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Stormchasers Hunt Tornadoes for Science

Getty photographer Drew Angerer joined a group of researchers chasing supercell thunderstorms to see how tornadoes form.

Meteorologists from the Center for Severe Weather Research began their annual field research project this week, pursuing supercell storms and watching for the formation of tornadoes. A supercell--usually, but not necessarily, a thunderstorm--contains a deep and persistent rotating updraft called a mesocyclone. 

Above: A meteorologist on the team watches as a supercell thunderstorm bears down on the area on May 9, 2017 in Lamb County, Texas. 

Drew Angerer / Getty Images

The Doppler on Wheels vehicle scans a supercell thunderstorm in Elbert County near Agate, Colo. The truck can carry the radar directly into storms, allowing scientists to scan storms and tornadoes and make 3-D maps of wind and debris.

Drew Angerer / Getty Images

Research team members observe a supercell thunderstorm in Lamb County, Texas.

 

Drew Angerer / Getty Images

Tim Marshall, a 40-year veteran of storm chasing, watches a supercell near Agate, Colo.

The team hopes that gaining knowledge about tornado formation and structure will result in better predictions, saving lives and property.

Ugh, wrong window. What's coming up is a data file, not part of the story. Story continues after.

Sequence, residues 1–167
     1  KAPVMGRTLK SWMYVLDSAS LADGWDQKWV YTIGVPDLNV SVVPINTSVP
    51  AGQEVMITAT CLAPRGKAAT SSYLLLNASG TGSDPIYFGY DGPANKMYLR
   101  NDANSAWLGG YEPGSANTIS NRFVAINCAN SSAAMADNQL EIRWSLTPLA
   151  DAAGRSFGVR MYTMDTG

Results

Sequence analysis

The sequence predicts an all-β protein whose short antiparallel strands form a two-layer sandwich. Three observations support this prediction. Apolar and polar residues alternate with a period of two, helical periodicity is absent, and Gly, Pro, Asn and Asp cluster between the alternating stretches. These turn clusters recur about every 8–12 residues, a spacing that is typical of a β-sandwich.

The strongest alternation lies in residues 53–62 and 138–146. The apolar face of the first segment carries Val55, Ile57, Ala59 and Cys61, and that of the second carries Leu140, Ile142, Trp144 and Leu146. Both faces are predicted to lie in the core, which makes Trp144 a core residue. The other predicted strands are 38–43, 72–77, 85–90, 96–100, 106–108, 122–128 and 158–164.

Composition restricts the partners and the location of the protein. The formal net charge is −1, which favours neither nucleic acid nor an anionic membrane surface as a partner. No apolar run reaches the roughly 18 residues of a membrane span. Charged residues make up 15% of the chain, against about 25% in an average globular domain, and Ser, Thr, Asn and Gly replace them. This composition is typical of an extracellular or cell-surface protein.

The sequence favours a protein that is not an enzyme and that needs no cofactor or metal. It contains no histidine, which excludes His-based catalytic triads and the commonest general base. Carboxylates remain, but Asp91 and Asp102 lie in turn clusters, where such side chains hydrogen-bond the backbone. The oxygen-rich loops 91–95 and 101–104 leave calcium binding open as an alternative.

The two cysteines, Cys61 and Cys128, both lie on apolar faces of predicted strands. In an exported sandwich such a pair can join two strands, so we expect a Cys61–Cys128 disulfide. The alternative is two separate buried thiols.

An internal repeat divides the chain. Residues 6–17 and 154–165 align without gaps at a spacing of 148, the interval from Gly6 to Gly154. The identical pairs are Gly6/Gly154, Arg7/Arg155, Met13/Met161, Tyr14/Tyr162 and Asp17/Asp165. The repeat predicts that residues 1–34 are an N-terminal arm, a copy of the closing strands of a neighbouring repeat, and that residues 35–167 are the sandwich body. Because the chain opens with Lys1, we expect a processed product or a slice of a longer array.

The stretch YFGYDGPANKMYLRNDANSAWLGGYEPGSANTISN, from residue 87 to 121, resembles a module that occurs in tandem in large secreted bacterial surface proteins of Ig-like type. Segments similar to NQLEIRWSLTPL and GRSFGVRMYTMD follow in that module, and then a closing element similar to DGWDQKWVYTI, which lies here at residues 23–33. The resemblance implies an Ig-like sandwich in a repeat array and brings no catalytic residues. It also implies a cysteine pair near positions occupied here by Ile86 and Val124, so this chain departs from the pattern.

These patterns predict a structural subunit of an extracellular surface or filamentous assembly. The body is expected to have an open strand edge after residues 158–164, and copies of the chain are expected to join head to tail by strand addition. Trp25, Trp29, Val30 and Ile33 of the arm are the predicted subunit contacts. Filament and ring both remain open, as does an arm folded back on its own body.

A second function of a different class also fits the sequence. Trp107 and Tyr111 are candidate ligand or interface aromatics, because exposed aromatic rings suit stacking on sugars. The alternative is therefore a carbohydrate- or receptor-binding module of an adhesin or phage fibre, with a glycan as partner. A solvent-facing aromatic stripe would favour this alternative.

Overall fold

Drew Angerer / Getty Images

Support scientist Rachel Humphrey monitors a supercell from the tornado scout vehicle near Agate, Colo.

 

Drew Angerer / Getty Images

A tornado scout vehicle and the Doppler on Wheels vehicle chase after a storm in Olustee, Okla.

 

Drew Angerer / Getty Images

Cloud-to-ground lightning strikes during a supercell thunderstorm in Lamb County, Texas. 

Drew Angerer / Getty Images

Marcus Gutierrez, driver of the Doppler vehicle, plays catch in a Walmart parking lot while waiting for severe thunderstorms to develop in Childress, Texas. 

Drew Angerer / Getty Images

Tim Marshall looks out the window of a tornado scout vehicle as the group tracks a supercell thunderstorm in Quanah, Texas. 

Marshall became interested in weather after an F-4 tornado passed about a half-mile from his home in Oak Lawn, Illinois, when he was ten years old. The 1967 tornado killed 33 people and injured 500. 

Drew Angerer / Getty Images

Center for Severe Weather Research intern Hunter Anderson prepares tornado pods as a severe thunderstorm moves into the area in Paducah, Texas. 

The storm did not produce a tornado, but the group was prepared to deploy the pods if one developed. The pods are heavy, metal discs with instruments that measure and map winds at ground level. 

Drew Angerer / Getty Images

Mammatus clouds, often associated with severe thunderstorms, hover in the sky behind a horse near Clovis, New Mexico. 

Drew Angerer / Getty Images

Hunter Anderson, left, a meteorology student at St. Cloud State University, and support scientist Tim Marshall look at radar and storm models on a smartphone on outside of Limon, Colo. 

Drew Angerer / Getty Images

Hunter Anderson consults with Rachel Humphrey, support scientist and driver of a tornado scout vehicle, as a supercell thunderstorm bears down on the area in Lamb County, Texas. 

Drew Angerer / Getty Images

A supercell thunderstorm develops in Elbert County outside of Limon, Colo. 

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Drew Angerer / Getty Images